English
 
Help Privacy Policy Disclaimer
  Advanced SearchBrowse

Item

ITEM ACTIONSEXPORT

Released

Journal Article

Early development of gaze following into distant space in juvenile Greylag geese (Anser anser)

MPS-Authors
There are no MPG-Authors in the publication available
External Resource
No external resources are shared
Fulltext (public)
There are no public fulltexts stored in PuRe
Supplementary Material (public)
There is no public supplementary material available
Citation

Kehmeier, S., Schloegl, C., Scheiber, I. B. R., & Weiß, B. M. (2011). Early development of gaze following into distant space in juvenile Greylag geese (Anser anser). Animal Cognition, 14(4), 477-485. doi:10.1007/s10071-011-0381-x.


Cite as: http://hdl.handle.net/11858/00-001M-0000-002C-12BA-2
Abstract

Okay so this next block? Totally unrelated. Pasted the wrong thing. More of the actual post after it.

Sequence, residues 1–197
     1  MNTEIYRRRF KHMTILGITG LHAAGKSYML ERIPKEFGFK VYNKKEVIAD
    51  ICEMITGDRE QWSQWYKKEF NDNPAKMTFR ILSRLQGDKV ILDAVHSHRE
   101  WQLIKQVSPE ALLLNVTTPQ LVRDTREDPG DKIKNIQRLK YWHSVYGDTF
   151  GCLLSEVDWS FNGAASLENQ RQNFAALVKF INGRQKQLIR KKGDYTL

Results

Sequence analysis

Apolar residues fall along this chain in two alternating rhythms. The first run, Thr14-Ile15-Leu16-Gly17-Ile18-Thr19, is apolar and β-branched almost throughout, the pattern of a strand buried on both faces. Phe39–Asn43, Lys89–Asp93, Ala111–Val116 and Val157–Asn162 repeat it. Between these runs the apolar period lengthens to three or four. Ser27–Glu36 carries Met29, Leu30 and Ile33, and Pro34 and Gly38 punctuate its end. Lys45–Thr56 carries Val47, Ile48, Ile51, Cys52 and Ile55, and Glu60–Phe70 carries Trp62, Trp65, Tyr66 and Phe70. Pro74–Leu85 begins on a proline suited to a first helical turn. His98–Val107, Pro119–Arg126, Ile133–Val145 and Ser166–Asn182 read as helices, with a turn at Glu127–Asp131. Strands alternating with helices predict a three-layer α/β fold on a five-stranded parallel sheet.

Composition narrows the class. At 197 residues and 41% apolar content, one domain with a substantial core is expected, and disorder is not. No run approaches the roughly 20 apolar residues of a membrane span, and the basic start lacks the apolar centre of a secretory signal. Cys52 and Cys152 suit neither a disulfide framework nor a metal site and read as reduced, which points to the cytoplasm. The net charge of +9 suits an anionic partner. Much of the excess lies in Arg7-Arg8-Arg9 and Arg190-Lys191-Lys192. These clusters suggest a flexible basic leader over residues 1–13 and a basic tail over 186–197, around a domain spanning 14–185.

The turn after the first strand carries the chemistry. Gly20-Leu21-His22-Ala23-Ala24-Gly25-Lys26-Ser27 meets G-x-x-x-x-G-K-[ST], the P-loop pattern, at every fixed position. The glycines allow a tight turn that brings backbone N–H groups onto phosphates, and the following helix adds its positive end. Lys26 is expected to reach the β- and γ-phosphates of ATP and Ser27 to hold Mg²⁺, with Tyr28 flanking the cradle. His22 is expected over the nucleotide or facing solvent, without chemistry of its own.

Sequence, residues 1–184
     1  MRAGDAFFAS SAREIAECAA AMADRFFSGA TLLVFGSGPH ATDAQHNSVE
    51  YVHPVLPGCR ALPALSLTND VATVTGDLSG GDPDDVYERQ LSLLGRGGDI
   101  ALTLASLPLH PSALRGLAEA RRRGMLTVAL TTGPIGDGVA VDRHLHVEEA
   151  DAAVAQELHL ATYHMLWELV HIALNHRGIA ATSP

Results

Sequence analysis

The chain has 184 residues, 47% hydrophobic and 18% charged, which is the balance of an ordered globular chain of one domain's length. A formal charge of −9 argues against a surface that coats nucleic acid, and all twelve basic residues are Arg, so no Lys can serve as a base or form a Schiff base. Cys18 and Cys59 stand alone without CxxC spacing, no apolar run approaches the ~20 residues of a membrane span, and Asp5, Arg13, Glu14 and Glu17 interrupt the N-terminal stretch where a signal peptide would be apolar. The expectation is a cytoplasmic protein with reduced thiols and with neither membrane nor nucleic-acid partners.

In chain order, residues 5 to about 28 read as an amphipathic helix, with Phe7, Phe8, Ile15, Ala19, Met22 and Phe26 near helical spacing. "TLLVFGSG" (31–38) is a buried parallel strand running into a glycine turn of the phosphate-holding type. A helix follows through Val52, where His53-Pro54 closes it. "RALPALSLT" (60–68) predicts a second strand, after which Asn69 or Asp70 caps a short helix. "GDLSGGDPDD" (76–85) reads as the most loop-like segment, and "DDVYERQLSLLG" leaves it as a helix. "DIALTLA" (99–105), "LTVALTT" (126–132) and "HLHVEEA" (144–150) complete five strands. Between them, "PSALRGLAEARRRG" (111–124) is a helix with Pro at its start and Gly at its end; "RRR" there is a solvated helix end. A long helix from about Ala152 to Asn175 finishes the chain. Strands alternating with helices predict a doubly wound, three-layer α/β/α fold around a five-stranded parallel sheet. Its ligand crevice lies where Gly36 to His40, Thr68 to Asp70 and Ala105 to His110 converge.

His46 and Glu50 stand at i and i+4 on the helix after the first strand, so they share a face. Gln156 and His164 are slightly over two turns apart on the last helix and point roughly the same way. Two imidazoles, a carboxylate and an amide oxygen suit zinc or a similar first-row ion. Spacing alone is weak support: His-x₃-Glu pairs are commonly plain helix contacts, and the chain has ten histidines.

Visual co-orientation with another’s gaze direction (gaze following) may provide important information about the location of food, social interactions or predators. Gaze following has been shown in a variety of mammals, but only in few bird species, and has not been tested in precocial birds at all. It has been suggested that gaze following is an anti-predator behaviour, and in Common ravens (Corvus corax) and rooks (C. frugilegus), it emerges shortly after fledging, at a time when young birds leave the predator-safe nest. However, if gaze following is adaptive, the developmental pattern should differ between altricial and precocial birds. Greylag geese (Anser anser) are highly social birds with a precocial development. Goslings move and feed independently within 24 h post-hatching, and they are highly vulnerable to aerial predators. We therefore predicted that greylag geese are capable of gaze following and that they develop this skill already pre-fledging. We experimentally tested 19 hand-raised greylag goslings for their ability to follow a conspecific’s gaze when they were between 10 days and 6 weeks old. In line with our predictions, first responses were already detectable in 10-day-old goslings. Our results therefore not only demonstrate that greylag geese follow the gaze of conspecifics into distant space, but that they also develop this ability much earlier than altricial birds.